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The BurmaNet News, April 15, 1997

------------------------ BurmaNet ------------------------  
"Appropriate Information Technologies, Practical Strategies"  
The BurmaNet News: April 15, 1997  
Issue #695

Noted in passing:

"We cannot and will never forget our friends who have suffered
for the cause ...and we especially remember them at this new year."


[slightly abridged]
April 14, 1997

           RANGOON, April 14 (AFP) - Burmese opposition leader Aung San Suu
Kyi vowed Monday to press on with the struggle for democracy and urged
supporters to summon the "courage and strength" to achieve their
           "As we enter the new year we need to rejuvenate ourselves,
reaffirm our convictions and pledge to continue to struggle on until we reach
our desired goal," she said at a celebration at her home for the Burmese new
           Aung San Suu Kyi said it had been eight years since the struggle
for democracy in Burma had begun and that large numbers of people taking
part in that fight were now languishing in the country's prisons.
           "We cannot and will never forget our friends who have suffered
for the cause ...and we especially remember them at this new year," she told
assembled supporters, diplomats and reporters at her lakeside compound.
           The opposition leader has said hundreds of supporters and members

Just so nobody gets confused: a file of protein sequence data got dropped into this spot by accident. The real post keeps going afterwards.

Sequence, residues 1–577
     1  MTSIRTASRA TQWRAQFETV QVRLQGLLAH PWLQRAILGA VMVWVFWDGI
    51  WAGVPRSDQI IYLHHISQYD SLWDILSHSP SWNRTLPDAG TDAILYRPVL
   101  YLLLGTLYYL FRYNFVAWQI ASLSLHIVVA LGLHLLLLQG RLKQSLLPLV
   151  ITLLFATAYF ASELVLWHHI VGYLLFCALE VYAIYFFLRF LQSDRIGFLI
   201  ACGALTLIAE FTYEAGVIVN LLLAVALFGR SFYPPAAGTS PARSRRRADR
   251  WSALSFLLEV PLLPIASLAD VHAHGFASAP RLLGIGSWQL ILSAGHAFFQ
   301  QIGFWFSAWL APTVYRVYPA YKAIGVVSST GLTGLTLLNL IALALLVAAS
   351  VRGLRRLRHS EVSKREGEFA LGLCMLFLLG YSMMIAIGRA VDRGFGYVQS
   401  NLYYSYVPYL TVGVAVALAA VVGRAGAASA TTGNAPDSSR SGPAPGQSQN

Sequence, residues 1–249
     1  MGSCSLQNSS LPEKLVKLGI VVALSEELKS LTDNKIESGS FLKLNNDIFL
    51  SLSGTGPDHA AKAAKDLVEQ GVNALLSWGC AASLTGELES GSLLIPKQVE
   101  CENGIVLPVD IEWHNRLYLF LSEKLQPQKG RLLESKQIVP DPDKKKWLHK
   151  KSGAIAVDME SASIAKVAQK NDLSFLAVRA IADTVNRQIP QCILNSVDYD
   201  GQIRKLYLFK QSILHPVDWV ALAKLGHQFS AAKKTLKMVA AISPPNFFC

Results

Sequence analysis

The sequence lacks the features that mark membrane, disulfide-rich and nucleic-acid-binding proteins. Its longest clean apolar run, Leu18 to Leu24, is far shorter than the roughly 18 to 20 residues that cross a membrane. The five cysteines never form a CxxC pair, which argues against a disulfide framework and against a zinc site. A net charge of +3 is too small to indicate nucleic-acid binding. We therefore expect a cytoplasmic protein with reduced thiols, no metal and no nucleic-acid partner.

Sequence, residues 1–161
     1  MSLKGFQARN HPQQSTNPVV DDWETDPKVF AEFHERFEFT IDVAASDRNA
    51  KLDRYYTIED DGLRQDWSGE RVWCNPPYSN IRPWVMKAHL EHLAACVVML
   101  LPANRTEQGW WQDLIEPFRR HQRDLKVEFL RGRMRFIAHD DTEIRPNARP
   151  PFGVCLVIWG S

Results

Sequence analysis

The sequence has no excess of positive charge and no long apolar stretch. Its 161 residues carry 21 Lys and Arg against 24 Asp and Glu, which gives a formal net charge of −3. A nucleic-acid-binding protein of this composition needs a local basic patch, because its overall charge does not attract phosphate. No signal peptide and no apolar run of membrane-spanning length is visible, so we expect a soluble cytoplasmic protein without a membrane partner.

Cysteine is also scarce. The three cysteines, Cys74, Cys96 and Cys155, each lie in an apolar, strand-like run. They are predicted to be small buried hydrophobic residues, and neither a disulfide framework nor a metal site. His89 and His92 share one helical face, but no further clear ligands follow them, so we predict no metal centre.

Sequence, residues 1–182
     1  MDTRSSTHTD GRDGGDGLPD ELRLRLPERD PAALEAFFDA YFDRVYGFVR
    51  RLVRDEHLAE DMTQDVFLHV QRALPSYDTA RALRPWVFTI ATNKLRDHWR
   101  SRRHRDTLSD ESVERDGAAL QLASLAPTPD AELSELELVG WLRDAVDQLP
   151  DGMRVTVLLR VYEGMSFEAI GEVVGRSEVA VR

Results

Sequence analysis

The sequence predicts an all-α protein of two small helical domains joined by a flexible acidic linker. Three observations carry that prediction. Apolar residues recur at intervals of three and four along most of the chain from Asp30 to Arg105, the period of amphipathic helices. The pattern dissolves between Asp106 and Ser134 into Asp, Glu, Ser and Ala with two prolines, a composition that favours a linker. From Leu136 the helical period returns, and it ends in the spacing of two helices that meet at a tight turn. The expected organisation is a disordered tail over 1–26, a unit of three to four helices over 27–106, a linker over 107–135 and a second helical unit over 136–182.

of her National League for Democracy (NLD) were in prison, where they
receive inadequate medical treatment and are denied basic rights.
	She said she hoped the people of Burma would continue to
support the NLD, whose activities have been sharply curtailed following a
crackdown by the military authorities last September.
           "To do this it is necessary to nurture the courage and strength
needed to see us through to the end," she said.
           The NLD won an overwhelming majority of seats in the 1990 general
elections, the results of which were ignored by the military authorities,
who launched a crackdown against the pro-democracy movement.
           After years of near dormancy, the NLD began stepping up
activities following Aung San Suu Kyi's release from six years of house
arrest in 1995, but has found itself under increasing pressure from the
ruling junta.
           Roadblocks which have been outside Aung San Suu Kyi's home since
December following a wave of student unrest, were extended Monday as
security forces monitored people trying to attend the celebrations.
           NLD sources said some 2,000 invitations for nine hours of
festivities had been sent out to members and supporters of the party,